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Umm-e-Rooman Yaqoob

Roll # 3

B.S (English) 5th Semester

Characteristics of Romantic age

Literary critics consider 1798, the year when Wordsworth and Coleridge published their "Lyrical Ballads,"
to mark the beginning of the English Romantic Movement. However, its actual beginnings date back to
the poetry of Gray, Collins, Blake and Burns who are regarded as 'Transition Poets' who lived and wrote
at the end of the Neo-Classical Age. Critical opinion is divided as to when the Romantic Movement
actually came to an end; in fact, some critics consider the Victorian age to be a continuation of the
Romantic Age and that the English Romantic Age extended till the beginning of the Modern Age in
the twentieth century. The characteristic features of English Romantic poetry are:

1. Love and worship of Nature and dislike for the urban life.
2. Love for the Medieval Age.
3. Love for the supernatural and the mystical.
4. Poetry came to be regarded as the spontaneous expression of the poet's own subjective feelings
and did not conform to the poetic conventions of classical doctrines.
1. 5. Completely abandoned the 'Heroic Couplet and substituted it with simpler verse forms like
the ballads which belonged to the English rural Folk. In fact the 'Ballad Revival' is said to have
sparked off the English Romantic Movement.
5. The 'poetic diction' of the Neo-Classical Age was completely done away with and the language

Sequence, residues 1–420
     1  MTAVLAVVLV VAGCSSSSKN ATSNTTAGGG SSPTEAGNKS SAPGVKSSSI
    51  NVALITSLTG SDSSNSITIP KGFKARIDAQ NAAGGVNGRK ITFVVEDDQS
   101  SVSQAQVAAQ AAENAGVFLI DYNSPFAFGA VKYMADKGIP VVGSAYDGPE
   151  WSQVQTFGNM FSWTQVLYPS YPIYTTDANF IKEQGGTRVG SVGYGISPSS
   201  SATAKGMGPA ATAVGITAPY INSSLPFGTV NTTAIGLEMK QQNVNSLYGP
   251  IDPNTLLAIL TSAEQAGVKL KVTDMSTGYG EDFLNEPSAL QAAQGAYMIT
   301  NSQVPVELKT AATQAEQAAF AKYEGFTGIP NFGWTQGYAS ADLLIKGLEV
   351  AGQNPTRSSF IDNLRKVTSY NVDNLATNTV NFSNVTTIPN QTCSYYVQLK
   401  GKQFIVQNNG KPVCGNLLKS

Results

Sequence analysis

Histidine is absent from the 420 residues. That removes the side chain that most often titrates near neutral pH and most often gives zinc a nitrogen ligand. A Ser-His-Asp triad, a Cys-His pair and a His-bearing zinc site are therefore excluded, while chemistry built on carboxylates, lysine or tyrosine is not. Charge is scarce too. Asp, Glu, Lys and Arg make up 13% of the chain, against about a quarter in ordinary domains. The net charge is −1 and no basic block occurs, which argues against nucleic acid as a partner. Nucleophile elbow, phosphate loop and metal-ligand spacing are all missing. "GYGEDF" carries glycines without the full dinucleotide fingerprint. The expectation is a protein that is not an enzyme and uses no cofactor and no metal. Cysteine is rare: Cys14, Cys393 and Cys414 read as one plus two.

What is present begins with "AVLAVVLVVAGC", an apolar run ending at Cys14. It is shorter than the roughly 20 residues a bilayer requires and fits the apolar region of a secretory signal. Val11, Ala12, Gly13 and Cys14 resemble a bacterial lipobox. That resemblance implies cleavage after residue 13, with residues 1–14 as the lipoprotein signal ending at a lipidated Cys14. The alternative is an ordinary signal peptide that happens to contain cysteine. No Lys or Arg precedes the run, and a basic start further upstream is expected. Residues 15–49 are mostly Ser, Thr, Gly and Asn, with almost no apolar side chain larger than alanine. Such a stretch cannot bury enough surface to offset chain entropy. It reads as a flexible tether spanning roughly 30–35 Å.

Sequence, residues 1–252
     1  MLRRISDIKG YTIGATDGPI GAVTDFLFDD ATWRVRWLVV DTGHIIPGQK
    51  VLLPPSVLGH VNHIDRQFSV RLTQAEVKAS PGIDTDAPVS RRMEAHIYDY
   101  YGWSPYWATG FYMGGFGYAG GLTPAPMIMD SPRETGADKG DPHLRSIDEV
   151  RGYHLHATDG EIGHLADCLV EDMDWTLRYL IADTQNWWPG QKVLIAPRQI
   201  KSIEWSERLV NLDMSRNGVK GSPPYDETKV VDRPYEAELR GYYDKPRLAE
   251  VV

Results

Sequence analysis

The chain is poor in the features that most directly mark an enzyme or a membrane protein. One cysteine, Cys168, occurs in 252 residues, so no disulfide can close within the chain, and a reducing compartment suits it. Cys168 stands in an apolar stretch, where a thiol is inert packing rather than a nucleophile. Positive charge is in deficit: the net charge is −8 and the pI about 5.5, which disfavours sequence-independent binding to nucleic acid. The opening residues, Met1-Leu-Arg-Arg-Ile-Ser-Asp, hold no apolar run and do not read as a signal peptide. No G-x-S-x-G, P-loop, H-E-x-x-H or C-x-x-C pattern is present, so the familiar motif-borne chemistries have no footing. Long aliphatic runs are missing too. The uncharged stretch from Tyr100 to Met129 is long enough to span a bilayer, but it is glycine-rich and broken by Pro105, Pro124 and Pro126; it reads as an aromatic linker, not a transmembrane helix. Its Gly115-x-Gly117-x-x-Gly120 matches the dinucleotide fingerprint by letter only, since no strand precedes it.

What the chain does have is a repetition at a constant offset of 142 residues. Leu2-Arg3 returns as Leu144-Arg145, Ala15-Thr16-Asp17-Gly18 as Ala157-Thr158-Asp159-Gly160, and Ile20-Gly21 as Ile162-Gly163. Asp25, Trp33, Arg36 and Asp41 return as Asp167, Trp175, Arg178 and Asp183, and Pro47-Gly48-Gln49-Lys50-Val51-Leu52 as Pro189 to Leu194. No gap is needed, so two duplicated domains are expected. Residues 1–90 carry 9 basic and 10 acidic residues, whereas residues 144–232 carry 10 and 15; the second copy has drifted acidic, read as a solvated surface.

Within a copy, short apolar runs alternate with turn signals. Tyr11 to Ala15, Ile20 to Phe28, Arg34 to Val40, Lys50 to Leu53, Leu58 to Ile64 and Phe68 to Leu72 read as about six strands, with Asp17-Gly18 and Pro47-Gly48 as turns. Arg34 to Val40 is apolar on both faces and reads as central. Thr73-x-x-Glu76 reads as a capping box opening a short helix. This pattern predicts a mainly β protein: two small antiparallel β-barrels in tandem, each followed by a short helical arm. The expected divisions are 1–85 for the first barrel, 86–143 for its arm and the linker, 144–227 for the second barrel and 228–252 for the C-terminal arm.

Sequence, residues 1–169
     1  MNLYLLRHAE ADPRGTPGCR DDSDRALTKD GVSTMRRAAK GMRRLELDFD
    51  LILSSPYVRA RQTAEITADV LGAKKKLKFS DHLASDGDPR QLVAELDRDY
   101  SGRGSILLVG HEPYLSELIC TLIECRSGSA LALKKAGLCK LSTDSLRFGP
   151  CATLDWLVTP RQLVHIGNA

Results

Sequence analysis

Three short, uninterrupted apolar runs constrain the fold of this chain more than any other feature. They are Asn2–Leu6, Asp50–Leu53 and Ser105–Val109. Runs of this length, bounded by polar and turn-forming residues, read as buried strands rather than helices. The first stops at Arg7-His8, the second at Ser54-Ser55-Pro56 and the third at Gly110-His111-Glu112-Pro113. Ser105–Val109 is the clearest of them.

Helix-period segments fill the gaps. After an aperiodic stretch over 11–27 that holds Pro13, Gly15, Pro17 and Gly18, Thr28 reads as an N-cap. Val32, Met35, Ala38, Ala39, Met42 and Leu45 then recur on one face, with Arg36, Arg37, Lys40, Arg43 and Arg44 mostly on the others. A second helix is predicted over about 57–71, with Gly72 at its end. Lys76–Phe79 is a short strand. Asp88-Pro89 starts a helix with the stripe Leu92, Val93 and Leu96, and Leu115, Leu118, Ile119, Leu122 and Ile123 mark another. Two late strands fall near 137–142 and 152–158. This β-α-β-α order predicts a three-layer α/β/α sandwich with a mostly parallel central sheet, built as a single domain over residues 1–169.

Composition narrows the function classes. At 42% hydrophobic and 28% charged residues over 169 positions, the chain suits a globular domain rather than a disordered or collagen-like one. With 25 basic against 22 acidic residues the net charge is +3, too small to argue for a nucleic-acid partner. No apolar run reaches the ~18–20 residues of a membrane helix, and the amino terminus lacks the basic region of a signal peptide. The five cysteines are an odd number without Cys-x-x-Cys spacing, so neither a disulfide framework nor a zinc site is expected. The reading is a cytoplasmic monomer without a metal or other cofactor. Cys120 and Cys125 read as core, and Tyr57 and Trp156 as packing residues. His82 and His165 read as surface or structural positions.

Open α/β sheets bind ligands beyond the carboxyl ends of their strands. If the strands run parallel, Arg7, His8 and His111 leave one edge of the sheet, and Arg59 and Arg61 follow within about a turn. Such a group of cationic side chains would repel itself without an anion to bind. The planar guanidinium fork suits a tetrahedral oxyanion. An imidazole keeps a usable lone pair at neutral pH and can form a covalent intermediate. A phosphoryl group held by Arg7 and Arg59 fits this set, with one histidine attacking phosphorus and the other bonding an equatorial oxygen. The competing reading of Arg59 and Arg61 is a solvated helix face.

of the ordinary people became the language of Romantic poetry.
6. The subjects of Romantic poetry were often ordinary people: The Idiot Boy."

The Romantic Movement in English poetry is often associated with a number of typical characteristics,
and many of these characteristics appear in William Wordsworths The Prelude and in Samuel Taylor
Coleridges Kublai Khan and Dejection: An Ode. Among the typical Romantic traits that appear in all
three poems are the following:

1. An emphasis on humanitys relationship with nature.

2. An emphasis on the frequent beauty of nature.

3. An emphasis on natures beneficent influence on humanity.

4. An emphasis on strong personal emotion.


The opening lines of Book I of Wordsworths The Prelude reveal a number of these common features of
English Romanticism:

O there is a blessing in the gentle breeze,

A visitant that, while he fans my cheek,

Doth seem half-conscious of the joy he brings